INDIANAPOLIS (WTHR) - Forty-one people were arrested as law enforcement took down a "major drug-trafficking organization" in a series of central Indiana raids Thursday morning.
US attorney Josh Minkler says the enterprise was dismantled "top to bottom."
"We are all in. We will do what is necessary to support the reduction of crime and, more importantly, violent crime," Minkler said.
In addition to the arrests, Minkler said 12 suspects were still at large. Investigators seized 19 lbs. of methamphetamine worth $200,000; 1.5 kilograms of heroin worth $150,000, one kilogram of cocaine worth $20,000, $85,000 in drug proceeds and 94 illegally possessed firearms, including AK-47 and AR-15.
The FBI's Safe Streets Task Force conducted dozens of search warrants across Indianapolis Thursday morning. The warrants involve what law enforcement sources describe as a "major drug-trafficking organization" that involves heroin, meth and cocaine.
"Operation Glass Houses" started around 6 a.m. with a surprise visit to a house near 53rd Street and Moller Road. Officers rode in a SWAT vehicle, parking it in the front yard of one house, where officers led other family members outside.
Other officers hit the 5700 block of Port Lillian Drive, even searching cars for evidence. During the operation, officers confiscated 94 guns. That find is a relief for Diana Messner.
"We recently had a shooting in our neighborhood, but the individual who shot the gun, we never knew who did it, but yes, that's a real positive," she said.
Officers also hit a southeast side warehouse on Brookville near Kitley. Plus, at a different location on Holt Road, police took another one of their suspects into custody.
Police say "Operation Glass Houses" not only shut down a huge drug operation, but it's the start of keeping the next drug dealer from setting up shop.
"It's our responsibility to keep them from doing that," said IMPD Chief Troy Riggs. "Over time, we continue to do this with that long-term approach, we will see some benefits."
"Perhaps this might send a signal to those who are trying to infiltrate our city and make it a drug haven," Messner said.
Sources say the majority of police activity was in Marion County, as well as one location in Parke County and one in Putnam County.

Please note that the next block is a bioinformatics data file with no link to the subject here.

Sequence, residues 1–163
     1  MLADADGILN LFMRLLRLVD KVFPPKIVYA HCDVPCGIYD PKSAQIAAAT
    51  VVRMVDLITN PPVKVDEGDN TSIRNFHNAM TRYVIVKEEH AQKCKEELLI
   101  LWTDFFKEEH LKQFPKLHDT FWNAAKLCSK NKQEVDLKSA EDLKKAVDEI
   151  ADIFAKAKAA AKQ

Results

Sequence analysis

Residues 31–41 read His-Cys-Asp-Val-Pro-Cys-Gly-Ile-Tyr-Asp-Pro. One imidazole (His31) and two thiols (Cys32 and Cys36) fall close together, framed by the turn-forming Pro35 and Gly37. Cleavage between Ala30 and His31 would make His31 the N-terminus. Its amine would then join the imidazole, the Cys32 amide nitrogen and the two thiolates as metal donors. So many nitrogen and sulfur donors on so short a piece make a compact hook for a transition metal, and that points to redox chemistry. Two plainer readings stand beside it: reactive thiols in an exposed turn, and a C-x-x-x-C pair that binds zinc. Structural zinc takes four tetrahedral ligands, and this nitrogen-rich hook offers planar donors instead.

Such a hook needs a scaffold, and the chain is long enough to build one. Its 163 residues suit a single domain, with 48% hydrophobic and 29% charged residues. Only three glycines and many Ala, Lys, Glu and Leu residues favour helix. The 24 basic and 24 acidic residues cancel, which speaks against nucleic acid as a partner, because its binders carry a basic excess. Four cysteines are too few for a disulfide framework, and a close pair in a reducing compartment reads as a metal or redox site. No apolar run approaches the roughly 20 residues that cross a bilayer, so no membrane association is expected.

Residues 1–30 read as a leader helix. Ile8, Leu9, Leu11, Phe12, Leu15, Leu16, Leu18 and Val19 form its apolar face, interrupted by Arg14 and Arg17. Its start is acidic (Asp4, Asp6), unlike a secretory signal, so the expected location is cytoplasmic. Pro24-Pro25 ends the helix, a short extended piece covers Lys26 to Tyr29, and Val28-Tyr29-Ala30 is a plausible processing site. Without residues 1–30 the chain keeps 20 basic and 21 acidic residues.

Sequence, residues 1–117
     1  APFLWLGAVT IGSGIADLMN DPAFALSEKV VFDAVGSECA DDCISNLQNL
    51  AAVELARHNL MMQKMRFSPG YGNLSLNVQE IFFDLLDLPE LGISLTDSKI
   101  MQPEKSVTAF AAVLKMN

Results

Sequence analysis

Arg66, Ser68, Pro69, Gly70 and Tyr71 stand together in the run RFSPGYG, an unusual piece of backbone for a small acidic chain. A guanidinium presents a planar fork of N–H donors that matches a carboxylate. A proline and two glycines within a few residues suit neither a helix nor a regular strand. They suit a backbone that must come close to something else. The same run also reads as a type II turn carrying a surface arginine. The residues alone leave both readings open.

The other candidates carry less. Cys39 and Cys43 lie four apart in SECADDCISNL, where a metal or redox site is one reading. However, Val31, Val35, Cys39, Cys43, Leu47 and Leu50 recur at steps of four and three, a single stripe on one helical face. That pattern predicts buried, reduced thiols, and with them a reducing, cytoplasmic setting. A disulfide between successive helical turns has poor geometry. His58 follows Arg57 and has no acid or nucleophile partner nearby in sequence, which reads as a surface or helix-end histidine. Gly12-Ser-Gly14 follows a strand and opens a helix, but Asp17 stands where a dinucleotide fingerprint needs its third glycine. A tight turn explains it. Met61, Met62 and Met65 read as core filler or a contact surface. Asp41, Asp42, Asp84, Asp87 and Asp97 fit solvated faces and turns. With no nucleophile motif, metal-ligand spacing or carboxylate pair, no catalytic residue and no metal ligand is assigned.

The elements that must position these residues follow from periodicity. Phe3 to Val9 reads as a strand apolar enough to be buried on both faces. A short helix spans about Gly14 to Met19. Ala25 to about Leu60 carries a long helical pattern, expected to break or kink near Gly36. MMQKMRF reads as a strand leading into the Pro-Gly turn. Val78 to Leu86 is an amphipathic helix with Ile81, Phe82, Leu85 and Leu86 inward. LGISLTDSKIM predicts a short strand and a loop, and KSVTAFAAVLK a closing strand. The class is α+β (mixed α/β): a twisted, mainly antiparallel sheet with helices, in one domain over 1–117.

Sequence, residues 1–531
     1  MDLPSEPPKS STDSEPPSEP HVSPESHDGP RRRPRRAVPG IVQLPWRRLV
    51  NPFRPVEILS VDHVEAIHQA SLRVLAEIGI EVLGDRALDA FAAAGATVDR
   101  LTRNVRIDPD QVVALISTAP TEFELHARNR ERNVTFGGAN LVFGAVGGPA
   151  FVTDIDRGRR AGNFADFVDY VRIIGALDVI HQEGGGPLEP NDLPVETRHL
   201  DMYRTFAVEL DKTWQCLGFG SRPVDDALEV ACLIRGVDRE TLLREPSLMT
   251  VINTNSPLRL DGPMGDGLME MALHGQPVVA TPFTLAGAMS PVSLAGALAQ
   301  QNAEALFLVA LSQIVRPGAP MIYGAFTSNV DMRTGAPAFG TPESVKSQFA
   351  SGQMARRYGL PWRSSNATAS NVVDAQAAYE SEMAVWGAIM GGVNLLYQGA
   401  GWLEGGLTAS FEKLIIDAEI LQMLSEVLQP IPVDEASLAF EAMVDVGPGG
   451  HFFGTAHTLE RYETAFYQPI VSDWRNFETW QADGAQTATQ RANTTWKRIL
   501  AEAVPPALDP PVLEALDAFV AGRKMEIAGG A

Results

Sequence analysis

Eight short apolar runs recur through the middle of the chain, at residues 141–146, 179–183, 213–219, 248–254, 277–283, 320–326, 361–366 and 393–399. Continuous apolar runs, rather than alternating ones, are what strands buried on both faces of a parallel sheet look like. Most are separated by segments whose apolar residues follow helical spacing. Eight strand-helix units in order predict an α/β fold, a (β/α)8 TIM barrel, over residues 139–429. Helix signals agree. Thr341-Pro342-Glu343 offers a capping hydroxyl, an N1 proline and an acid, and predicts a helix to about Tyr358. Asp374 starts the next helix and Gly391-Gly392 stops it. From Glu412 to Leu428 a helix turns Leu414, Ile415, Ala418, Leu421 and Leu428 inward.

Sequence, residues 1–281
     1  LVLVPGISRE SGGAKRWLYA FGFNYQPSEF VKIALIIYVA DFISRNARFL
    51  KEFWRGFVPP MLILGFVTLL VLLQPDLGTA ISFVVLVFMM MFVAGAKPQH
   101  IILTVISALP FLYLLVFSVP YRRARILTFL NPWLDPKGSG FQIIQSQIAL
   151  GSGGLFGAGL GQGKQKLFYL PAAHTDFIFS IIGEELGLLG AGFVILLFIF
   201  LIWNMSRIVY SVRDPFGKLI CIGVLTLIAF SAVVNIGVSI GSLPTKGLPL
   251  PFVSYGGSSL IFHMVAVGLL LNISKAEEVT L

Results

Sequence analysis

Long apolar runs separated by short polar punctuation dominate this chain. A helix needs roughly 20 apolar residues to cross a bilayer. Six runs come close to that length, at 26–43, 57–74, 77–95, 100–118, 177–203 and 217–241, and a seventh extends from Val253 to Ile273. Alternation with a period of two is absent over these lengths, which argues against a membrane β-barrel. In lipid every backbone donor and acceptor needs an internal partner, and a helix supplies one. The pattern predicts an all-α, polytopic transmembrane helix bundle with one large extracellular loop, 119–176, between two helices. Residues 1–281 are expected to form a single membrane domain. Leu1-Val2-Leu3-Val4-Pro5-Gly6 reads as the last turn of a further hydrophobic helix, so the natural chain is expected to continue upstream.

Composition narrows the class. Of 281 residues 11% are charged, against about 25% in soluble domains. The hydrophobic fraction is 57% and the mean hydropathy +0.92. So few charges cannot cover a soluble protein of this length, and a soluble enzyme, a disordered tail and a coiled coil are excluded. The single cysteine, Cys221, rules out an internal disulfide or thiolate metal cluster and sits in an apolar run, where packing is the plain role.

Chopper 13 located a heavy police presence at at least three locations on Indianapolis' southwest side. Our crews have seen at least one person taken into police custody.
Sources say raids are also taking place at several other location in the western U.S., and they're all tied to Mexico.
The task force conducting the raids in Marion County includes a total of 18 SWAT teams and roughly 700 agents/officers from local, state and federal agencies.
Investigators were seen dusting firearms for fingerprints outside one of the raid locations.
No injuries were reported to either the officers who conducted the raids or those targeted by the sweep.
Many of the suspects in Operation Glass Houses face a minimum of 10 years in federal prison time if convicted of the charges they now face. The case is far from over, as police search for the remain 12 people indicted in the case by a grand jury.
The federally seized cash of about $85,000 will be split among the agencies participating in the drug bust. Authorities could also be in contact with immigration officials about any of the suspects who are in the United States illegally, but will still have to do federal prison time if convicted and possibly face deportation once out of prison.
Residents were pleased to see the efforts to clean up the neighborhood, but they didn't want to go on camera out of fear of retribution. One resident pointed to a home that was raided and said more people come and go from the house than at K-mart.
Some neighbors reported hearing what sounded like gunshots around 7:00 am, then saw a slew of officers in the area. A few said they weren't surprised the raid involved drugs, considering the activity they'd noticed at one of the homes that was targeted.
People who live near Holt Road and Oliver Avenue on the city's southwest side say for the most part, they've felt safe in the old, working class neighborhood, but there have been changes and concerns.
Long-time resident Barbara Cannon said, "My shed was broken into last winter...I lost a lot of tools."
There's also been talk about the what's been going on at one home.
"I just know there's been a lot of traffic, and people moving in and out of there every so often," said Opal Starks.
"I'm glad to hear about it. It's good," Canon said. "There's so much crime and you know it has to be drug-related. So many people don't care about people, don't care about their neighborhoods. They just care about themselves and getting those drugs,seems like."
Josh Shaw, a father of three, said he became aware of the raid driving his kids to school. "As I came around the corner, I saw the state troopers there."
While he wasn't surprised it involved drugs, it scares him.
"I'm concerned if there's a meth lab, cooking up something," he said. "I've always heard about meth explosions and being that close, it's a worry."
He and others said while people in the neighborhood are always looking out for each other, they fear the overall drug problem is getting worse, and it can't help but affect everyone.
"There's a lot more drugs around than when I was growing up...now it's stuff that's killing people," Vicki Snyder said.
Shaw, who works in retail and sees a lot of people every day, said, "I notice it more and more, people looking like they're methed out. I'm not surprised but it's scary."